Featured Research

from universities, journals, and other organizations

Worm bites off enough to chew: Ingenious evolutionary trick

Date:
July 5, 2010
Source:
Max-Planck-Gesellschaft
Summary:
Dramatic scenes are played out under Ralf Sommer’s microscope: his research object, the roundworm Pristionchus pacificus bites another worm, tears open a hole in its side and devours the oozing contents. The squirming victim does not stand a chance in this duel: Caenorhabditis elegans may be a close relative of Pristionchus; unfortunately, however, it does not have the same strong "teeth". Pristionchus’ impressive hunting technique though is not the focus of interest for the biologists. Their concern is the development of its mouthparts.

Sequence of images (from left to right) showing how Pristionchus pacificus preys upon a smaller Caenorhabditis elegans worm. P. pacificus bites a C. elegans worm (left), tears open a hole in its side (middle) and devours the oozing contents (right).
Credit: Max Planck Institute for Developmental Biology / Andreas Weller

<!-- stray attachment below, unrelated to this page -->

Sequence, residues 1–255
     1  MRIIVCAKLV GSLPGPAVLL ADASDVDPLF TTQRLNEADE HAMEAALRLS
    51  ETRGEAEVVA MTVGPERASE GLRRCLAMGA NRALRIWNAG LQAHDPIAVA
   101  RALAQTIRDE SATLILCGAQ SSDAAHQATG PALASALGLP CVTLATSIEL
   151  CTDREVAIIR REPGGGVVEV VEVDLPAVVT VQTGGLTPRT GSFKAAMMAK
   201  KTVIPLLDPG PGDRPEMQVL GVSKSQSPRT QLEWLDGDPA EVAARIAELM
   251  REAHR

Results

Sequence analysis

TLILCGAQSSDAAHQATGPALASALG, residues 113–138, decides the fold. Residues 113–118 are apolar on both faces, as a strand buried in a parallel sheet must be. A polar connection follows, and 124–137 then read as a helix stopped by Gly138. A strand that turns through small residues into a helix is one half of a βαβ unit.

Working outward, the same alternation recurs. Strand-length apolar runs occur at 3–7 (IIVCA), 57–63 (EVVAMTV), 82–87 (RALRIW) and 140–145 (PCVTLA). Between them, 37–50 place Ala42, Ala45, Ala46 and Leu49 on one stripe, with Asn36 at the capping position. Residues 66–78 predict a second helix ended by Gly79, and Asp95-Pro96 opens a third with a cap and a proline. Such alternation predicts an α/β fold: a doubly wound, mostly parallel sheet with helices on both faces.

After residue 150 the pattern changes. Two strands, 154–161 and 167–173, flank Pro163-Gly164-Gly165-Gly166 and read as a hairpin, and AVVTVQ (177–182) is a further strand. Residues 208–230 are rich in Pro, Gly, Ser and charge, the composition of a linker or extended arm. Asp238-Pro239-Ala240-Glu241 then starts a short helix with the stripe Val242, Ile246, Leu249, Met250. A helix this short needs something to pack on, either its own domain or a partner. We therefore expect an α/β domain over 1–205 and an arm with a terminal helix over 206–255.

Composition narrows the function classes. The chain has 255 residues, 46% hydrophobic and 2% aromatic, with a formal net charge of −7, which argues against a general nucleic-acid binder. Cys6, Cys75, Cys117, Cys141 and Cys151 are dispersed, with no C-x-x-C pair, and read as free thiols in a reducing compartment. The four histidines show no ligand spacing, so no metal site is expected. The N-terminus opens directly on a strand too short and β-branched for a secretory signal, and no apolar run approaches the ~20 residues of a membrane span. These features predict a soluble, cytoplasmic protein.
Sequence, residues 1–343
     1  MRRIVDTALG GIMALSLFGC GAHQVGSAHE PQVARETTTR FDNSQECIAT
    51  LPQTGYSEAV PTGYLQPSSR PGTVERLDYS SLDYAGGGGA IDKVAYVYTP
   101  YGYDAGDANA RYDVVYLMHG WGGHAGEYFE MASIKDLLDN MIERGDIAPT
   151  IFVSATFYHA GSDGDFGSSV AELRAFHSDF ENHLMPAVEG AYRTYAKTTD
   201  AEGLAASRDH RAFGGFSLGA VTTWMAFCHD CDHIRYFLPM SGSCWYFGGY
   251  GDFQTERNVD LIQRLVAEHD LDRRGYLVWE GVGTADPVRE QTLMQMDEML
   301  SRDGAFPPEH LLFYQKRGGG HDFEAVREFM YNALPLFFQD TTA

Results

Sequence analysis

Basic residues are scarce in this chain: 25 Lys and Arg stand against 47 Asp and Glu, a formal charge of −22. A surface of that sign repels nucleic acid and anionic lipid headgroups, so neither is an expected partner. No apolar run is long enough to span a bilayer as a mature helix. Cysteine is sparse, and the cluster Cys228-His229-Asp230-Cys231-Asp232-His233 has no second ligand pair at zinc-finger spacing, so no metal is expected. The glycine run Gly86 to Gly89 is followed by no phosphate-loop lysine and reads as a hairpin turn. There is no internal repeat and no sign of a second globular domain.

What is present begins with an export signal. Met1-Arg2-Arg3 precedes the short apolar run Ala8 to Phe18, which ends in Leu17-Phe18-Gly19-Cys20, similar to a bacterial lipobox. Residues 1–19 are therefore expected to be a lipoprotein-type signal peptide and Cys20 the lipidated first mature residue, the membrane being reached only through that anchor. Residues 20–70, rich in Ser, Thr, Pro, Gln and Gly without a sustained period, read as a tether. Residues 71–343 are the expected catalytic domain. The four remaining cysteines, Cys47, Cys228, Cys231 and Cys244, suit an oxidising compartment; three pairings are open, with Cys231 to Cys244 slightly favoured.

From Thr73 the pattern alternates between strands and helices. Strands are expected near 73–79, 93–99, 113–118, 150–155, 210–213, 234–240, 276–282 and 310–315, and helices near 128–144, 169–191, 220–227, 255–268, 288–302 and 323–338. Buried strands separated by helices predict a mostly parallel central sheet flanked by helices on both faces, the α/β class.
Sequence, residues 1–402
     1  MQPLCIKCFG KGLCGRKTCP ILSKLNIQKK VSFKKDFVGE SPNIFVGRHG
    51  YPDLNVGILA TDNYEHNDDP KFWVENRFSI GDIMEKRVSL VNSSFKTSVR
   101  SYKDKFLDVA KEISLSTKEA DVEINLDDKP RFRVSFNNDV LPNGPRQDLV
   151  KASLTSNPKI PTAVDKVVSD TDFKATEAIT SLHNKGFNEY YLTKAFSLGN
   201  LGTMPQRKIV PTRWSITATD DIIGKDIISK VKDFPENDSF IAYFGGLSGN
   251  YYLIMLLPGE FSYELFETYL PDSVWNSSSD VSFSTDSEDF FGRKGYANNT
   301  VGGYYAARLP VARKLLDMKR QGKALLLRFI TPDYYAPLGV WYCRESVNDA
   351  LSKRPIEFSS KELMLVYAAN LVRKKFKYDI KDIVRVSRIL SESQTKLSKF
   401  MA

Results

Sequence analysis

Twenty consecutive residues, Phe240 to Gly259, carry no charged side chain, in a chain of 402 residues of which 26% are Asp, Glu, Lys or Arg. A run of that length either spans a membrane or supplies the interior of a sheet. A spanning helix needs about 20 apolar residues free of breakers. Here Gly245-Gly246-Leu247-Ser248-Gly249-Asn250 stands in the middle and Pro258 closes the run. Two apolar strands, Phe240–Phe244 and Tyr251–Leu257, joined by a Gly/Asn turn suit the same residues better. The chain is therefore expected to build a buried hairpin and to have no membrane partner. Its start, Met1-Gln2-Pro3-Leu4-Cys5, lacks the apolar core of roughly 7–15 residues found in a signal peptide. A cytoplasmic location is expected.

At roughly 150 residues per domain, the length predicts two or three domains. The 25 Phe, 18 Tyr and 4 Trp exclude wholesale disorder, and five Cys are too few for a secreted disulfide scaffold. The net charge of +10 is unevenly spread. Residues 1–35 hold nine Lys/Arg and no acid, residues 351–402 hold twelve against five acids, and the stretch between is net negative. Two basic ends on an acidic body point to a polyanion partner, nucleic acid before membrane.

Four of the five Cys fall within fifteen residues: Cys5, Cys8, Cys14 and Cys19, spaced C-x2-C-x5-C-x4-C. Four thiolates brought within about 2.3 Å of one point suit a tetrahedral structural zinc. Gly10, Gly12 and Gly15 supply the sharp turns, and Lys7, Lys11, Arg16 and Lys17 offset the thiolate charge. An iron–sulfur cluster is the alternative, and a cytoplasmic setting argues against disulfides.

Dramatic scenes are played out under Ralf Sommer's microscope: his research object, the roundworm Pristionchus pacificus, bites another worm, tears open a hole in its side and devours the oozing contents.

The squirming victim does not stand a chance in this duel: Caenorhabditis elegans may be a close relative of Pristionchus; unfortunately, however, it does not have the same strong "teeth." Pristionchus' impressive hunting technique though is not the focus of interest for the biologists from the Max Planck Institute for Developmental Biology in Tübingen. Their concern is the development of its mouthparts.

Gilberto Bento and Akira Ogawa from Sommer's team have discovered the control mechanism that lies behind the development of the organism's mouth: if the worm grows up with an abundant supply of bacteria as its source of nutrition, it only develops very small teeth and a narrow oral cavity. If it experiences a lack of food or a high population density at the larval stage, it develops a wide mouth equipped with strong teeth-like denticles. (Nature July 1, 2010)